TranZed is introducing a new way to train tech workers: Apprenticeships - Baltimore


Dec. 6, 2016 12:15 pm

TranZed is introducing a new way to train tech workers: Apprenticeships

Baltimore is the first American community for a model developed in the U.K. that combines on-the-job training and coursework. Plus, apprentices get paid.

TranZed's Paul Champion speaks at the organization's launch event.

(Courtesy photo)

Ed Podowski is looking to open more locations of Cockeysville-based computer repair business UTX. He calls the repair portion the computer clinic, but needs to have more clinicians.

“I was having problems getting people to do the repairs,” Podowski said.

He believes the solution comes with a mix of training and work. Apprenticeships were common for trades such as electrical work and plumbing — now UTX is one of the first local companies to work with an organization applying that model to expand the number of tech workers.

TranZed Apprenticeship Services, which set up shop in Baltimore earlier this year, is helping to train apprentices that will work at UTX. The employers invest in the training, and pay apprentices while they work. The apprentices also take about 144 hours of coursework.

“They are full-time employees from day one,” said TranZed’s Paul Champion. “It’s learning the skills of the job while you’re there.”

Podowski, who expects to bring on five apprentices in the next year, said the process of working with TranZed to identify candidates that may be a good fit cuts down on the time he spends seeking applicants, as well as interviewing.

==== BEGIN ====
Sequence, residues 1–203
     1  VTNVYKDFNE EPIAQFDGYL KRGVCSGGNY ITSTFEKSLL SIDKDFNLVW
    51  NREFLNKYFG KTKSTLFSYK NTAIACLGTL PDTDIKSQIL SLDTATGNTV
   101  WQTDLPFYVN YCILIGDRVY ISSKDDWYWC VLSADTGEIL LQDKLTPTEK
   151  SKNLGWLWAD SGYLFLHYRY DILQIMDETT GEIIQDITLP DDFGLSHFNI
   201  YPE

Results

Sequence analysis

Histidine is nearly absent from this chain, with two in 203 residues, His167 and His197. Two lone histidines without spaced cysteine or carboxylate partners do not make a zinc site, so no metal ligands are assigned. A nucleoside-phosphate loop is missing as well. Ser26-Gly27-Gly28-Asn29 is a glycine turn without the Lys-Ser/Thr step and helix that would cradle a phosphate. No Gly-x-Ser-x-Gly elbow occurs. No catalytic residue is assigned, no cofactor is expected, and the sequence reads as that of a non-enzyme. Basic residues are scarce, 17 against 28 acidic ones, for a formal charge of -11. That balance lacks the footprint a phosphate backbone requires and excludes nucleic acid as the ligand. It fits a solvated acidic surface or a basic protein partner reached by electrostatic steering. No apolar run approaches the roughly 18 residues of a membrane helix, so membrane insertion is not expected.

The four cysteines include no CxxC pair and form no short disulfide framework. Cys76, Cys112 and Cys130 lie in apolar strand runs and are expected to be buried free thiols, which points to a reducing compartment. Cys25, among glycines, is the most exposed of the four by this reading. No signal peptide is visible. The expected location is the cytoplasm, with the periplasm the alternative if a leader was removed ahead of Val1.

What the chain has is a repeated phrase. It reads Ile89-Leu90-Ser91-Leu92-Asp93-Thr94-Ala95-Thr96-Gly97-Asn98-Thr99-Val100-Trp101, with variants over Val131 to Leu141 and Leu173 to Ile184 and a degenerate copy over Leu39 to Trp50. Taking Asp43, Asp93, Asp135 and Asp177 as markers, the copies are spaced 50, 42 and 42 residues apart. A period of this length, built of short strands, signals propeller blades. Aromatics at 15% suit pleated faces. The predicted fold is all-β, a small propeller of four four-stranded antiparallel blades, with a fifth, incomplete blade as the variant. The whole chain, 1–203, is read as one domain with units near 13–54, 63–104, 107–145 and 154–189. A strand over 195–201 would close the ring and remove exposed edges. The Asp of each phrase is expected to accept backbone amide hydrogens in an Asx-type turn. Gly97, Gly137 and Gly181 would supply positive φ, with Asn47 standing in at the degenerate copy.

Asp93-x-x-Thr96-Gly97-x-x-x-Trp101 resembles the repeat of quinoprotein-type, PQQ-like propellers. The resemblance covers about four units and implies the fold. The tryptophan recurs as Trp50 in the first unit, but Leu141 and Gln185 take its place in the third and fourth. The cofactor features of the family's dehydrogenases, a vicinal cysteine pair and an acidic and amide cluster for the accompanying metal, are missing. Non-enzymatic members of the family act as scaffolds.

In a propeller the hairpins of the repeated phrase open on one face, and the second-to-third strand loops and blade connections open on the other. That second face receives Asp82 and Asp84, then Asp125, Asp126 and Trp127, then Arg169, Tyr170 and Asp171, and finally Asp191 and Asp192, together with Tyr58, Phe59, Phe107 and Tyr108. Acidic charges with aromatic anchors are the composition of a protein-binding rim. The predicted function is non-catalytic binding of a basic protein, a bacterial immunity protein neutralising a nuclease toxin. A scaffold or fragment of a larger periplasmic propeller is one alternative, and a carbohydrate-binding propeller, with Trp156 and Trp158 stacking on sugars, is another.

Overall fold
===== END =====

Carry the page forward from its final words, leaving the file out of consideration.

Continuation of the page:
“After two hours I was able to make a really informed and great decision about who I should hire,” he said.

It’s a model that was first applied in the U.K. under 3aaa, an eight-year-old company that provides “nontraditional” apprenticeships in a variety of fields. TranZed Apprenticeship Services is a partnership of that organization, as well as the TranZed Alliance and the Children’s Guild. 

While apprenticeships caught on in other European countries, Baltimore is the first location for the effort in the U.S., and it’s the first such apprenticeship program to formally register in Maryland. Champion said they recognized the Baltimore area has a “vibrant IT community,” and also saw a push for more STEM jobs to close the oft-maligned gap between available IT jobs and workers with the skills to fill them.


“You have the demand from the sector and the push from the local government system, which is a good mixture to have,” he said.

Champion said TranZed is seeking to provide training in IT, cybersecurity and digital marketing and social media. After opening an office in northeast Baltimore earlier this year, the program had its launch in November. Champion said the first apprentices are being placed, and the program received 150 applications. Businesses such as Lockheed Martin, Alliance Technology Group and Black Label are also committed to bringing on apprentices. They are still seeking tech businesses, large and small, who would be interested in participating.



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